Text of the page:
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Rack Mounted Buffalo NAS TS-RXL LC66 8TB Emergency Recovery

On July 24th, 2017

Rack Mounted Buffalo NAS TS-RXL LC66 8TB Emergency Data Recovery

Wednesday 16:49 - Client made contact

The client (a media company) contacted us for advice, his company has a Buffalo rack mounted NAS configured Raid 5 containing 4 Seagate 2 Terabyte SATA Hard Disks that had failed and contained business critical data.

The NAS had flashed up that one of the disks had failed so on the instruction of a third party support company they had replaced the disk but during the rebuild of the Raid the operation gave an error and they were not able to proceed any further, the Raid would not rebuild and they were not able to mount the device and had lost all the data stored on it.

R3 sales explained several reasons why this may have happened and were quoted a price for recovery on an emergency service (normally 12 to 48 hours after arrival at our lab).

Wednesday 17:02 - Client Accepted

The client decided to proceed and R3 arranged for the device and disks to be sent over night from London to our lab in Sheffield.

Thursday 10:45 - Received

Upon arrival all jobs are booked into our in house bespoke database to note down all serial numbers take images of all devices and to check for any abnormalities whether with the packaging r the devices. Everything is labelled with the client’s unique reference number and is informed of the arrival.

Everything was as expected so the job was sent to the engineers in the lab.

Thursday 11:07 - Diagnosis

The disks were one by one assessed by and engineer and it was determined the following had happened:

  • Disk 1 (model number and photo) was in good working order, when this is the case R3 engineers make a copy of the disk to another stable disk for use later in the recovery process. At no point during any recovery should a recovery attempt be made directly from an original device, even when the disk is working.
  • Disk 2 (model number) had areas of media degradation and cloning began.
  • Disk 3 (model number) had a firmware failure that was preventing the disk from being detected by anything, the firmware fault was fixed and cloning was started.
  • Disk 4 had a mechanical failure, the read/write heads had failed and required a rebuild to continue, the database flagged a part was required and the parts department began searching for a suitable donor disk.

Thursday 11:20 - Cloning

The first three disks were all cloning and an internal inspection revealed severe damage to the platter surface which would at the least cause the rebuild process to be problematic.

Thursday 11:25 - Client advised

Customer services advised the client of the situation with all four disks, we were up front and advised a successful recovery may be possible with the first three disks due to the redundancy of Raid 5 but we had the options of rebuilding the fourth disks as our team has lots of experience dealing with mechanically failed disks that others would not but to keep their costs down we would only go down that route if needed.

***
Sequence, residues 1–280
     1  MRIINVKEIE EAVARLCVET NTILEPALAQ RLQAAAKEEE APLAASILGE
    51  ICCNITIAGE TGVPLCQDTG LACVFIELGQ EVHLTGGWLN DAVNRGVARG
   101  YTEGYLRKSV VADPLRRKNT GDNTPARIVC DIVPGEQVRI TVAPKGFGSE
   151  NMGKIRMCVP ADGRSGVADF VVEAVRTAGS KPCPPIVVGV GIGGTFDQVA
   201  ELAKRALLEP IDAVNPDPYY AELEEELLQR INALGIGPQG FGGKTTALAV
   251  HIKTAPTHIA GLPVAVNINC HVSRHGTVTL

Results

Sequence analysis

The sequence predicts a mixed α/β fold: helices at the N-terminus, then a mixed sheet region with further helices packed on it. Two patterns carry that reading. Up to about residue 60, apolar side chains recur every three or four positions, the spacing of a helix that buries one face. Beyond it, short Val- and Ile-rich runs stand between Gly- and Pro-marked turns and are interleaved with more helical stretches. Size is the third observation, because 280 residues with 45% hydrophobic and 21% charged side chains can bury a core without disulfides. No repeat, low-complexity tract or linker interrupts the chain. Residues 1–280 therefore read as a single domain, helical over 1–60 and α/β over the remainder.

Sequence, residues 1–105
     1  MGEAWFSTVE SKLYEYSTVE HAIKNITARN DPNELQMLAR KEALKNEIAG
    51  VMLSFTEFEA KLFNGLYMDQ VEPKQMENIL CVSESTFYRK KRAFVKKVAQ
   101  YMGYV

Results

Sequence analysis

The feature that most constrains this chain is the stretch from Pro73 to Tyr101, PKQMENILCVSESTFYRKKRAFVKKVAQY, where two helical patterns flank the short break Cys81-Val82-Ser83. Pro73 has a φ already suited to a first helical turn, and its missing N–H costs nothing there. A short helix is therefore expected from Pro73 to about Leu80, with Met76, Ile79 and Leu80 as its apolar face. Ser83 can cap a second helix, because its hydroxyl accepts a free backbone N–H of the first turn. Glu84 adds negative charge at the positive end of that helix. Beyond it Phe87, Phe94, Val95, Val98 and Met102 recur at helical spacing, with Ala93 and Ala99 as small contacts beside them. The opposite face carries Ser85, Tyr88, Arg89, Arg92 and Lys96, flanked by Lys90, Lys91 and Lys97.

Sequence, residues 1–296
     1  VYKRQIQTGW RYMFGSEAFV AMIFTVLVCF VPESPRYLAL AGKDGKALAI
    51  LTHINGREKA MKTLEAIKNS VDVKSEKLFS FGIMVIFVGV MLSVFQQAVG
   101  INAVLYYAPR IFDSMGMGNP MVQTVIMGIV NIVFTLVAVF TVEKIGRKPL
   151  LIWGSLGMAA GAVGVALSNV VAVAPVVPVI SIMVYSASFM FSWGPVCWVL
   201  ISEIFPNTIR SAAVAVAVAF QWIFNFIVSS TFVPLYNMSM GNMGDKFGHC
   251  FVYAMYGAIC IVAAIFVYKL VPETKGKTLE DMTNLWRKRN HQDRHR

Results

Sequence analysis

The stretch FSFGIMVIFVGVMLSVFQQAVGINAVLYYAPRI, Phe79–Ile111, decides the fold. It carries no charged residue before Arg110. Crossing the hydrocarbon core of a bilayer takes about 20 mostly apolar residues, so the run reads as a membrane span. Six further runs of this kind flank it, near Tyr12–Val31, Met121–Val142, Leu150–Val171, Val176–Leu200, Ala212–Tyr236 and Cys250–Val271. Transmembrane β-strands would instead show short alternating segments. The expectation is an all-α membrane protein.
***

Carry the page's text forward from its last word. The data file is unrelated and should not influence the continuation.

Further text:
Thursday 16:15 - Cloning complete

Just after 4 o’clock we had the first three disks cloned, Disk 1 and 3 had no unread areas, disk 2 had some corrected sectors.

Thursday 16:20 - Raid rebuild

In some Raid recoveries, for reasons we won’t go into details here there is a need for the disk order to be worked out, in cases such as these however the disk order is obvious, what isn’t so obvious though is what is known as the stripe size. The complexities of exactly how Raid work is beyond the scope of this article (we will publish more on this subject at a later date), but the disk order, stripe size, file system are some of the parameters that have to be worked out to allow the Raid to be reconstructed and so allow access to the lost data.

Thursday 16:35 - Data Transfer

During recovery the most common way of recovering raid is to rebuild them in a virtual environment.
Approximately 1.5tb of data was stored on the raid, there were several business critical files that were copied off before the whole volume of data so that it could be sent directly to the customer and all the data was copied over to a new external hard disk. Due to the volume of data and time to physically move that volume of data the most critical data was copied to another disk to be sent back directly to the customer with the original device.

Thursday 17:00 - FTP transfer complete

The most critical of the data was back in the hands of the client who were able to resume their work.

The NAS was setup new hard disks and was back up and running.

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With over 50,000 successful recoveries of USB Sticks, HDD, SSD, RAID, NAS SAN and Mobile Phones. 10,000 donor drives. One of Europe's best data recovery teams. R3 is a real British success story helping bring affordable data recovery to everyone.

Contact our customer services they can diagnose the majority of faults over the phone or email and give accurate pricing before arrival. Free in Lab assessment is also available.

Call FREE from the UK 0800 999 3282 or Int +44 114 2677699 or email and we'll tell you what the problem is, whether your data can be recovered and the full costs and timescales involved in doing so wherever possible. We also provide second opinions and comparison data recovery pricing.
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